Looking for Happiness? Move to Plano!

Source: WalletHub

Today is the International Day of Happiness! Yes, that’s totally a thing. You feel it, right? While it may feel a bit more like summer here, the first day of spring does tend to put a little pep in our step. And to celebrate, we’re sharing with you the results of a national study that ranks one of our fair cities among the happiest in the land. According to WalletHub, that magical place is (drum roll)… Plano!

(Tell that to the folks fighting over the Plano Tomorrow Plan. Ahem.)

In a recent study, Plano, at number 19, is the only Texas city to break the top 20 happiest places to live in 2017. Dallas ranks number 86, which isn’t too shabby, either.

What Makes a City Happy?

How can you quantify happiness? Well, the experts behind the study analyzed three main happiness factors and a host of indicators that influence those.

First, psychologists and sociologists took a look at emotional and mental well-being. Quality-of-life issues like a good night’s sleep and physical fitness greatly impact a city’s happiness rating. They also took into account suicide, depression, and binge-drinking rates among populations.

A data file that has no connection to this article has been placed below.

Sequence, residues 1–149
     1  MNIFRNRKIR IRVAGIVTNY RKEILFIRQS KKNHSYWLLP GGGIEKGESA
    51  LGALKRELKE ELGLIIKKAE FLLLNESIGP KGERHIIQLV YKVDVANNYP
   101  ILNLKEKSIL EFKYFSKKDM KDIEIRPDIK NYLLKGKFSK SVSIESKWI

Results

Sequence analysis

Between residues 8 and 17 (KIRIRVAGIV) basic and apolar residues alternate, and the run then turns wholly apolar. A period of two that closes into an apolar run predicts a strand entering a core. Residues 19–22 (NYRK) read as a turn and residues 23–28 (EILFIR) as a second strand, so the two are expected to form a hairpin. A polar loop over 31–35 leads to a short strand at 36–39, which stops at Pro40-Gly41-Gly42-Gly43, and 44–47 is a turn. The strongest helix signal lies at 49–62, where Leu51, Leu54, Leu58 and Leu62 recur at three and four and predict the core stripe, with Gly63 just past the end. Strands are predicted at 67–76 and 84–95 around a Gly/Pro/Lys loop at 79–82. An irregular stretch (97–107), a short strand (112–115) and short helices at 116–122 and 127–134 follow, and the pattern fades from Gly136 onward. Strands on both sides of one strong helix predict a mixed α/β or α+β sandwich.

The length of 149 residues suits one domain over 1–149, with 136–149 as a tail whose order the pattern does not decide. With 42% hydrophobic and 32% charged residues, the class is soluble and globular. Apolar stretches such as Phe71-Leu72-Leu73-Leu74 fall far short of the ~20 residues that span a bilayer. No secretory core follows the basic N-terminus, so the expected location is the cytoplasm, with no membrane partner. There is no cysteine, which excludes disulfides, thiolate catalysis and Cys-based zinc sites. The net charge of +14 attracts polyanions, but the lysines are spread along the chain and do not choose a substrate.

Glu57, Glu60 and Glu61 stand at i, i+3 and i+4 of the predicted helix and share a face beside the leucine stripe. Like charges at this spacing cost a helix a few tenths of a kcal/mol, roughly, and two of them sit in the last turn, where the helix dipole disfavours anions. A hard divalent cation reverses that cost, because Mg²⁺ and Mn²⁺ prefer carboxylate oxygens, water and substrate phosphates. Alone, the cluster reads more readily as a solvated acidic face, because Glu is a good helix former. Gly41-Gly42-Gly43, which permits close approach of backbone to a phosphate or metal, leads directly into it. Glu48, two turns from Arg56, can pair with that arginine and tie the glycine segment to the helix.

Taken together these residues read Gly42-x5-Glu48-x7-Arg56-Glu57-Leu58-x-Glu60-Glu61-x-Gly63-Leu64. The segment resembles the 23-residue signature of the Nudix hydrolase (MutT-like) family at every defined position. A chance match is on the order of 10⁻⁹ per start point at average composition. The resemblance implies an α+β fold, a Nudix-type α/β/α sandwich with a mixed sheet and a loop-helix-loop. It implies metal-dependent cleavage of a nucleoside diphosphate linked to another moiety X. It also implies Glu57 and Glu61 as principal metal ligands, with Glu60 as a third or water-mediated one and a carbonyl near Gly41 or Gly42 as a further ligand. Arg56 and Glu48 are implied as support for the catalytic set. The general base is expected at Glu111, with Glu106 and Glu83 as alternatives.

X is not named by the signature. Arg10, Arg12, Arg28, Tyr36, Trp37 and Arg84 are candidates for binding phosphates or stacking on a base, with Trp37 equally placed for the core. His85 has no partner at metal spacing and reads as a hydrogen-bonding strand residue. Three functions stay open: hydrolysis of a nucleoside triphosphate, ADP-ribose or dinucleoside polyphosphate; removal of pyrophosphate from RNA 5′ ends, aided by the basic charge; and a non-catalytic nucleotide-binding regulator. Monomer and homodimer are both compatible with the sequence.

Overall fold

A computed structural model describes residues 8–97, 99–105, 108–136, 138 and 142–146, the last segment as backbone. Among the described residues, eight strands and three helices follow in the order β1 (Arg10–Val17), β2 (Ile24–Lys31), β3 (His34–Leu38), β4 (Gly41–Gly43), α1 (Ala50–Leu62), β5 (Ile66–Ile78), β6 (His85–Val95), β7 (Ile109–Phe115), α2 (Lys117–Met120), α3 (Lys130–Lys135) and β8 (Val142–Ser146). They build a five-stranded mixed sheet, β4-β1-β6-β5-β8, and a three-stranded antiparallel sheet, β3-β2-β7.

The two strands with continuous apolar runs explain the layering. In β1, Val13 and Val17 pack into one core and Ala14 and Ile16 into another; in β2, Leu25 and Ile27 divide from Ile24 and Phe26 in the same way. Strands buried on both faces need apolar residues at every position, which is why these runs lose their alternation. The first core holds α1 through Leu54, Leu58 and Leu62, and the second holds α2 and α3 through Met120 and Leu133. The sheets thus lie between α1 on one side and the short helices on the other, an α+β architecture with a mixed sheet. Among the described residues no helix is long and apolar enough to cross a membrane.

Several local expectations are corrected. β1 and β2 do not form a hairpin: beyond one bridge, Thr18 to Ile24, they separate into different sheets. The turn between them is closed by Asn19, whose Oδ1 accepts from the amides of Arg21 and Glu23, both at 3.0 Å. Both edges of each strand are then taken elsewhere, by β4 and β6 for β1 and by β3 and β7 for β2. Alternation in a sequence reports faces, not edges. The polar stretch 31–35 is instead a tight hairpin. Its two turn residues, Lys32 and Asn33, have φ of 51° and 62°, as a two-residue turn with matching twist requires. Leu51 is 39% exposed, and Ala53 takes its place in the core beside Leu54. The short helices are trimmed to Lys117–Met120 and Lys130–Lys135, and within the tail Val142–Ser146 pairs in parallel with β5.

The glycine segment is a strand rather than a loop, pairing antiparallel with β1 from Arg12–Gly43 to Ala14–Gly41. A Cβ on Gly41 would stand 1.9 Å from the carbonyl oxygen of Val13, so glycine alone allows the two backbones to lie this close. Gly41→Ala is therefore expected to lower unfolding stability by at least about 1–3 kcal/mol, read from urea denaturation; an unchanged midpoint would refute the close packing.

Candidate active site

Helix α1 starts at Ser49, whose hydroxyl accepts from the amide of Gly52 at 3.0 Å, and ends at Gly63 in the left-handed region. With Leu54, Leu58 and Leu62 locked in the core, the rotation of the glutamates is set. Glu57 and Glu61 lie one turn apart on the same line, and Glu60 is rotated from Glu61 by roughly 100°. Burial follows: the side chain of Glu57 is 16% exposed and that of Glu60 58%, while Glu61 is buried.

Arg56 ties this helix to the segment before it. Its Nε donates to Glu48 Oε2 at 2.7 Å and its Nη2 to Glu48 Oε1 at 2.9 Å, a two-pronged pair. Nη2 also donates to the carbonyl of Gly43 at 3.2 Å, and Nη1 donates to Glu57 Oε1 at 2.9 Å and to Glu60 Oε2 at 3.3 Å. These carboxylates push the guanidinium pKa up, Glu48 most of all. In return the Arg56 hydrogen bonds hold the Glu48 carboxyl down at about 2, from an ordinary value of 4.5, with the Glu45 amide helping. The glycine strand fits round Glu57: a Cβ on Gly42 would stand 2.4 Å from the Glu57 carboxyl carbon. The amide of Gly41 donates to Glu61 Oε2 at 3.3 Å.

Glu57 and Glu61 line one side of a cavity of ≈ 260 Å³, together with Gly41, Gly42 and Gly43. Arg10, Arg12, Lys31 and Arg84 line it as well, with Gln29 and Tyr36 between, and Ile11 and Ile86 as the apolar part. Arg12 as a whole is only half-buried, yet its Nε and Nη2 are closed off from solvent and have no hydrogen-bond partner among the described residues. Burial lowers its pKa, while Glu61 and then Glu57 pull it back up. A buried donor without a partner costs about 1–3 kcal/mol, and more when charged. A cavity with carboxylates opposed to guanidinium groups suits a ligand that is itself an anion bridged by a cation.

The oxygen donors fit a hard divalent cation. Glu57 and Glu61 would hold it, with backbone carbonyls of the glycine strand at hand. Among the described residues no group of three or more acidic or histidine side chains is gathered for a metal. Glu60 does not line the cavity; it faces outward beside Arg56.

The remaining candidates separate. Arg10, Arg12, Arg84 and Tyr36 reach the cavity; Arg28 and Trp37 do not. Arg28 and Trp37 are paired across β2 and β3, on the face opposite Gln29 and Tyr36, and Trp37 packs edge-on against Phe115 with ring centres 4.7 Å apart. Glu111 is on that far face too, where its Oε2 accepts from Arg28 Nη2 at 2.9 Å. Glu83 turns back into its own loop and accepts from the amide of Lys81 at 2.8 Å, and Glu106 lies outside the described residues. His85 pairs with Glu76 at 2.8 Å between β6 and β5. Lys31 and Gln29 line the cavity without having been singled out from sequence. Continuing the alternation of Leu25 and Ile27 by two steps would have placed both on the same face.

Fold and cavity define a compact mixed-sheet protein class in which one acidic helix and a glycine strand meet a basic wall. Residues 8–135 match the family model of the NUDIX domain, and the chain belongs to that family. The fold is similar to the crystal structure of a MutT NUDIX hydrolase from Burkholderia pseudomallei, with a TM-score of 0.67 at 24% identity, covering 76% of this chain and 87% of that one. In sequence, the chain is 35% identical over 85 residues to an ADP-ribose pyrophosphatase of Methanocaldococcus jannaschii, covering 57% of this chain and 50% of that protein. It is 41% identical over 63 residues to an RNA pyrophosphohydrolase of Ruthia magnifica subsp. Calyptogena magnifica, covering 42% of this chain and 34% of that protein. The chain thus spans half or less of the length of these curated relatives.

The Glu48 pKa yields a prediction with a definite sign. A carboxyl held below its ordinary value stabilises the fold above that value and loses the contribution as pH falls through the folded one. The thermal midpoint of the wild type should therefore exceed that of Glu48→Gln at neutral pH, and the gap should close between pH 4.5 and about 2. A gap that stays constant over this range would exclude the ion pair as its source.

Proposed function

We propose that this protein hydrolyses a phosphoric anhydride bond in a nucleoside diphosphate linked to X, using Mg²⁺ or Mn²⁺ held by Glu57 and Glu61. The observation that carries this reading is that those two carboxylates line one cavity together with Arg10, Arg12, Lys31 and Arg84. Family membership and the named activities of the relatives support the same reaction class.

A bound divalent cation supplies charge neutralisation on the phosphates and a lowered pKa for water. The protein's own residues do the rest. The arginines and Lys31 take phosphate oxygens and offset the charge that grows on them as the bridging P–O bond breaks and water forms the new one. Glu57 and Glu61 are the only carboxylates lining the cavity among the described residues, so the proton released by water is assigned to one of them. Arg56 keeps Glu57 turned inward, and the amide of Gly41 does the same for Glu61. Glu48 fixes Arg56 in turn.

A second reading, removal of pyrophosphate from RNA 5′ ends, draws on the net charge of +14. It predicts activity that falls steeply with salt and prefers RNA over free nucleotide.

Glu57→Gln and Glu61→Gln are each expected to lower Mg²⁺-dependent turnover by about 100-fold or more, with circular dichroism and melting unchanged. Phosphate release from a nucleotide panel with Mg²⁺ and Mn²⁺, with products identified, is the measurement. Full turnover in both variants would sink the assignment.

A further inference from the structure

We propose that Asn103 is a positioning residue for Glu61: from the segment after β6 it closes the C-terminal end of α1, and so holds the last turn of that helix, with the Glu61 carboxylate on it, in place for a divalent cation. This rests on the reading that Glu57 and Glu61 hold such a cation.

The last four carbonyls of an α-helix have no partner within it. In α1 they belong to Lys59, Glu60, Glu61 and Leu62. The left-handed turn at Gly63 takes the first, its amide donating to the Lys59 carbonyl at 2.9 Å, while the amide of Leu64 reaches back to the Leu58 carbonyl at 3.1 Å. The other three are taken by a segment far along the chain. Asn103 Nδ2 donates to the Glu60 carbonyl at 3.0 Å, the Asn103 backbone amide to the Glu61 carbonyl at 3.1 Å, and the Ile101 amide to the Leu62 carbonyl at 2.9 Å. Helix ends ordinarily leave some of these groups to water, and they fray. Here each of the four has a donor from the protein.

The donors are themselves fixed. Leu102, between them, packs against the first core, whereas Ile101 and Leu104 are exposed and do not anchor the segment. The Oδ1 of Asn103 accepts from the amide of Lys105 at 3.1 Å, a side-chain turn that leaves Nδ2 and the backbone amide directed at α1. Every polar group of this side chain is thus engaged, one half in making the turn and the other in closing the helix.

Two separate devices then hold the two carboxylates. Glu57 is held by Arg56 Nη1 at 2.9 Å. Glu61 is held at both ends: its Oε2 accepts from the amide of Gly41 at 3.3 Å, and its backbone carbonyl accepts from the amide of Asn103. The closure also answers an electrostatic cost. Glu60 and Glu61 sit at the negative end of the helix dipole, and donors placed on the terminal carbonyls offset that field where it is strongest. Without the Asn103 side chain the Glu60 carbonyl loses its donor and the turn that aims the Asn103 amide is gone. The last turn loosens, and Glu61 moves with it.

Second, they analyzed income and employment. This is where Plano ranks really high. Cities with a low poverty and a high number of households making over $75,000, ranked highest on the list. Job security and satisfaction also play key roles. That $75,000 number marks an interesting delineation. According to the study, “Wealth follows happiness — but only up to an income level of $75,000 a year. Any higher, and money ceases to influence a person’s contentment with life.”

Lastly, they studied community and environment. Communities where citizens value volunteerism and social ties rank high. Leisure time and exposure to nature and park lands also affect a city’s relative happiness. Green in good!

A Work/Life Imbalance?


While Plano ranks high in income and employment, it’s interesting that it also loses major points within the very same category for hours worked. Plano actually takes a sharp nose dive when it comes to being overworked – 146 out of 150 cities in the study do a better job when it comes to work/life balance.



You’d think all that working would cause some family strife, but the study seems to suggest quite the opposite. In fact, there’s some good news as it relates to your love life – Plano has some of the lowest separation and divorce rates in the country, according to the study.

And the ‘burbs always take such a bad rap!

3 Comment

  • No thanks. I left Plano after 16 years — I grew increasingly UNhappy living there.

    • Ditto that. Left Plano 20 years ago for the promised land south of LBJ. Haven’t looked back.

      • Wise move. You left 20 years ago, I left 2 years ago. I stayed 16 years but felt stirrings to move about 6 years into it…I should have gone south of LBJ at that time, but didn’t. But like you, I haven’t looked back!